Background: Investigators have to obtain informed consent before enrolling participants in clinical trials. We wanted to measure the quality of understanding among participants in clinical trials of cancer therapies, to identify correlates of increased understanding, and to assess providers' beliefs about clinical research. We also sought evidence of therapeutic misconceptions in participants and providers.
Methods: We sent a standard questionnaire to 287 adult patients with cancer who had recently enrolled in a clinical trial at one of three affiliated institutions, and surveyed the provider who obtained each patient's consent.
Findings: 207 of 287 (72%) patients responded. 90% (186) of these respondents were satisfied with the informed consent process and most considered themselves to be well informed. Nevertheless, many did not recognise non-standard treatment (74%), the potential for incremental risk from participation (63%), the unproven nature of the treatment (70%), the uncertainty of benefits to self (29%), or that trials are done mainly to benefit future patients (25%). In multivariate analysis, increased knowledge was associated with college education, speaking only English at home, use of the US National Cancer Institute consent form template, not signing the consent form at initial discussion, presence of a nurse, and careful reading of the consent form. Only 28 of 61 providers (46%) recognised that the main reason for clinical trials is benefit to future patients.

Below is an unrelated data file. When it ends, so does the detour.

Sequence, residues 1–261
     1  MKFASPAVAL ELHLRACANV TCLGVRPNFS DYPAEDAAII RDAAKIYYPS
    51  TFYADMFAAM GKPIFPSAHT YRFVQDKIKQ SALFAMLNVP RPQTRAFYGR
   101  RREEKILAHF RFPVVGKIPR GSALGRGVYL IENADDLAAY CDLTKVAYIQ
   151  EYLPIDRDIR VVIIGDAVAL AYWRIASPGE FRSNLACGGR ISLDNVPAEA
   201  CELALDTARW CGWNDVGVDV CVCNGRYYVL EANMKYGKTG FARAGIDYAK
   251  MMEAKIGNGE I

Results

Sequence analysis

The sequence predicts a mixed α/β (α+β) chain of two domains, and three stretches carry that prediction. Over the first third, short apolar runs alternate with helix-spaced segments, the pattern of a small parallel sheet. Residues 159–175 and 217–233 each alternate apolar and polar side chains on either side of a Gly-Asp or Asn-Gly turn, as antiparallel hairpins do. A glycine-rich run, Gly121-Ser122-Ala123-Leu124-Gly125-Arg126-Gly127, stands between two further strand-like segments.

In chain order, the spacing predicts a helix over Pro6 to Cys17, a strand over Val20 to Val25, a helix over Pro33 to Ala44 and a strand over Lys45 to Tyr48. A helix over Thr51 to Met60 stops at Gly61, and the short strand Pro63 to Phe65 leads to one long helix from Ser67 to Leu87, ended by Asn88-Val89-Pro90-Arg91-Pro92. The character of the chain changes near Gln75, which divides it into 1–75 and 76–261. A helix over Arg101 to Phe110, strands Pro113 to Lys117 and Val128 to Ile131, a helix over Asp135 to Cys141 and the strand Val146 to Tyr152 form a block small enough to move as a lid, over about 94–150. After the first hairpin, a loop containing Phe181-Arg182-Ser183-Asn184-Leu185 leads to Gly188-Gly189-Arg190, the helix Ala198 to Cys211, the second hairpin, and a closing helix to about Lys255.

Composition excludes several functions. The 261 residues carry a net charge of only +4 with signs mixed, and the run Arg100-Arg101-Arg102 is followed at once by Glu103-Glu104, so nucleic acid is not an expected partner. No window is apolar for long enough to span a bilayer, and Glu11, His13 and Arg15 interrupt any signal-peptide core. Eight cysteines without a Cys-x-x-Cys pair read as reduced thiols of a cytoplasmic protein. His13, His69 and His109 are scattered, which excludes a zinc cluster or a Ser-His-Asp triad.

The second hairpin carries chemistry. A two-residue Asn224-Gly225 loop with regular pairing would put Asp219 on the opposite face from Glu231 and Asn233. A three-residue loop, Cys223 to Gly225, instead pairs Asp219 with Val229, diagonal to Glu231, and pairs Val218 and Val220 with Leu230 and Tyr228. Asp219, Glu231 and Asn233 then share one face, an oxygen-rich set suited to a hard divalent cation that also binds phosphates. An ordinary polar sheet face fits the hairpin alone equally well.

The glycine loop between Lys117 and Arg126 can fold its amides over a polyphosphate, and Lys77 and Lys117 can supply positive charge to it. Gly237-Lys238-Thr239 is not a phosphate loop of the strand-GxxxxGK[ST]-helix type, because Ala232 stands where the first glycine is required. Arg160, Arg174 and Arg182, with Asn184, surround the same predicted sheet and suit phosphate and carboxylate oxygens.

Interpretation: Misconceptions about cancer clinical trials are frequent among trial participants, and physician/investigators might share some of these misconceptions. Efforts to educate providers and participants about the underlying goals of clinical trials are needed.